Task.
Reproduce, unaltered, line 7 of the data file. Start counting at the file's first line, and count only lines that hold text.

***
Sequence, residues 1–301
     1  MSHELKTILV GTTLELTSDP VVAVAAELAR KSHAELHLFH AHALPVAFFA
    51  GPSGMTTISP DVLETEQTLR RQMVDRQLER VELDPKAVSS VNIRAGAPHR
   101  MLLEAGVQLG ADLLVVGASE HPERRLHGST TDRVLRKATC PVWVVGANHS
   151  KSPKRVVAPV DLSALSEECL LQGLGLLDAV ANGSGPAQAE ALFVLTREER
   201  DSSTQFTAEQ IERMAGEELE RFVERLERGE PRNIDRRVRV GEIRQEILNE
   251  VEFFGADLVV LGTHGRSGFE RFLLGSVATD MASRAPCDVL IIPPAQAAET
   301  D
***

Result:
   251  VEFFGADLVV LGTHGRSGFE RFLLGSVATD MASRAPCDVL IIPPAQAAET